A Qualitative Study of Barriers to Effectiveness of Interventions to Prevent Mother-to-Child Transmission of HIV in Arba Minch, Ethiopia

By Adedimeji, Adebola; Abboud, Nareen et al. | International Journal of Population Research, January 1, 2012 | Go to article overview

A Qualitative Study of Barriers to Effectiveness of Interventions to Prevent Mother-to-Child Transmission of HIV in Arba Minch, Ethiopia


Adedimeji, Adebola, Abboud, Nareen, Merdekios, Behailu, Shiferaw, Miriam, International Journal of Population Research


Adebola Adedimeji 1 and Nareen Abboud 1 and Behailu Merdekios 2 and Miriam Shiferaw 1

Recommended by Pranitha Maharaj

1, Centre for Public Health Sciences, Albert Einstein College of Medicine, 1300 Morris Park Avenue, Bronx, New York, NY 10461, USA 2, College of Medicine and Health Sciences, Arba Minch University, Arba Minch, Ethiopia

Received 30 March 2012; Revised 23 May 2012; Accepted 11 June 2012

This is an open access article distributed under the Creative Commons Attribution License, which permits unrestricted use, distribution, and reproduction in any medium, provided the original work is properly cited.

1. Background

In 2009, the United Nations AIDS Program (UNAIDS) reported that 430,000 of the approximately 2.5 million children under the age of 15 living with HIV were newly infected, the majority in sub-Saharan Africa [1]. Many of these children acquired the infection from their mothers during pregnancy, birth, or breastfeeding. Timely administration of antiretroviral drugs to a HIV-positive pregnant woman and her newborn child significantly reduces the risk of mother-to-child transmission [2]. Now recognized as an attainable public health strategy, preventing mother-to-child transmission (PMTCT) has four basic components: (i) prevention of primary infection among women, (ii) prevention of unintended pregnancies among HIV positive women, (iii) provision of specific interventions to reduce the risk of mother-to-child transmission, and (iv) provision of care, treatment and support to HIV infected women, their infants and families [3, 4]. Providing highly active antiretroviral therapy to a woman will reduce viral replication and viral load during pregnancy, and as a postexposure prophylaxis, prevent infection in newborns [3, 5, 6].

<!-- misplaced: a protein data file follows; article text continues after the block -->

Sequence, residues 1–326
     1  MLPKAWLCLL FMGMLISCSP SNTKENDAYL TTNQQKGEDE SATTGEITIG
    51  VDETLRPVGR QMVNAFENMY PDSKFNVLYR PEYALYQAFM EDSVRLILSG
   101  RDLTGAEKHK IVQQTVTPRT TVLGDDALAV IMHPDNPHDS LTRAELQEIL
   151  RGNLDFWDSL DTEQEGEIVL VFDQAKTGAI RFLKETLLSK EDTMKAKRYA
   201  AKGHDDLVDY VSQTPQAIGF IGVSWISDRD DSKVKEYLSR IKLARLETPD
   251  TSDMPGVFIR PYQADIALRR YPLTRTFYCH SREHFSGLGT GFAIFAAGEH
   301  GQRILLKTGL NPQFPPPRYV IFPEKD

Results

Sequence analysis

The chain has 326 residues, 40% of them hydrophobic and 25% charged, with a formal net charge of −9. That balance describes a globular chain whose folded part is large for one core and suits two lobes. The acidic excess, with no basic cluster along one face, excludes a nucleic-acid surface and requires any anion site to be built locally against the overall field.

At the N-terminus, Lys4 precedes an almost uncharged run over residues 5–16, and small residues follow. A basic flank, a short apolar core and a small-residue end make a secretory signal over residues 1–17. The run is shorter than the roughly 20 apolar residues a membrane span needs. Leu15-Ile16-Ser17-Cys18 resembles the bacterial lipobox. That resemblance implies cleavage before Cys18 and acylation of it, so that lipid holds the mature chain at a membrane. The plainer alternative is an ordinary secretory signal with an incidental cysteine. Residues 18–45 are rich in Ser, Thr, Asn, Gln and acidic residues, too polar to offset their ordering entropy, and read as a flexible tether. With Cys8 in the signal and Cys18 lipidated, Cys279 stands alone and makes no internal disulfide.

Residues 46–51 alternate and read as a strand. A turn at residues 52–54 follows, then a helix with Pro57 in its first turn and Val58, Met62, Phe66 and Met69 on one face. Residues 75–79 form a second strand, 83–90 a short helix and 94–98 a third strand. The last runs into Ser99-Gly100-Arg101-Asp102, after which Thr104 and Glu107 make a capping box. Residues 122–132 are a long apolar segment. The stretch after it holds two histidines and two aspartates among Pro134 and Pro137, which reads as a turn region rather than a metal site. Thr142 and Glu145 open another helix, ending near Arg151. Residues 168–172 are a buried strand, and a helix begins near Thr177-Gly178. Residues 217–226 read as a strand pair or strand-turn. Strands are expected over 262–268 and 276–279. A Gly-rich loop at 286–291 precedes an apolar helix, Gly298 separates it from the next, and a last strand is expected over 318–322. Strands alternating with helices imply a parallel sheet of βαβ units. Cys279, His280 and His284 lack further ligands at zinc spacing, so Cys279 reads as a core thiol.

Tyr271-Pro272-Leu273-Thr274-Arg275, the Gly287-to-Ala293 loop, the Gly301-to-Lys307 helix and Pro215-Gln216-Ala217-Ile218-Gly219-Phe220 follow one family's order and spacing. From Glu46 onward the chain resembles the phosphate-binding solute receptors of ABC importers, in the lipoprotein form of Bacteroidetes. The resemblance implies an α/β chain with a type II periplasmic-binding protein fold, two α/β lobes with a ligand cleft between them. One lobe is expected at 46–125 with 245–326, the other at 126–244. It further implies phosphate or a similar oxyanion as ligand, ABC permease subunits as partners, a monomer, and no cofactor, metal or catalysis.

Interventions to reduce pediatric HIV infection have become readily available worldwide, especially in low and middle-income countries. In 2009, 53% of HIV-infected pregnant women worldwide received antiretroviral (ARV) drugs to prevent mother-to-child transmission [7]. While coverage is increasing in sub-Saharan Africa, ranging from 8% in some settings to 54% in others [3], PMTCT programs in the continent are still plagued by multiple problems. For instance, many HIV positive pregnant women still face constraints in accessing ARV drugs because they refuse to participate or are lost to followup in existing programs. Health system factors (critical shortage of personnel, lack of skilled attendant at birth, poor infrastructure, and inadequate supply of PMTCT kits) as well as individual and socio-cultural factors (stigma, nonawareness of PMTCT services, lack of spousal and family support, loss to followup, negative experiences with hospital staff, the preference for home delivery) have been highlighted as barriers in the literature [8-13].

Ethiopia, like most countries in sub-Saharan Africa, is experiencing a high prevalence of HIV with about 2.1% of the adult population living with the virus [14, 15] largely due to heterosexual transmission. Besides heterosexual transmission, vertical transmission of HIV from mother-to-child accounts for more than 90% of pediatric AIDS [16]. To reduce the number of mother-to-child HIV infections, the government set a goal of universal access and increased the capacity for the delivery of HIV counseling and testing, prevention of mother-to-child transmission, and provision of ARVs by about 2-, 6-, and 8-fold, respectively [15]. Despite this increase, the number of women accessing these services is still low. For instance, after more than 5 years since the goal for universal access was established, less than 7,000 HIV positive pregnant women received ARV prophylaxis, representing about 19% of the annual targets [16]. Similarly, Nigatu and Woldegebriel [17] showed from nationally available data that 47% of known HIV positive pregnant women were not receiving ARVs and 62% of known HIV exposed infants were not receiving ARVs, alarming results that are consistent with findings from other low-income countries [10, 11, 13, 15, 18, 19]. …

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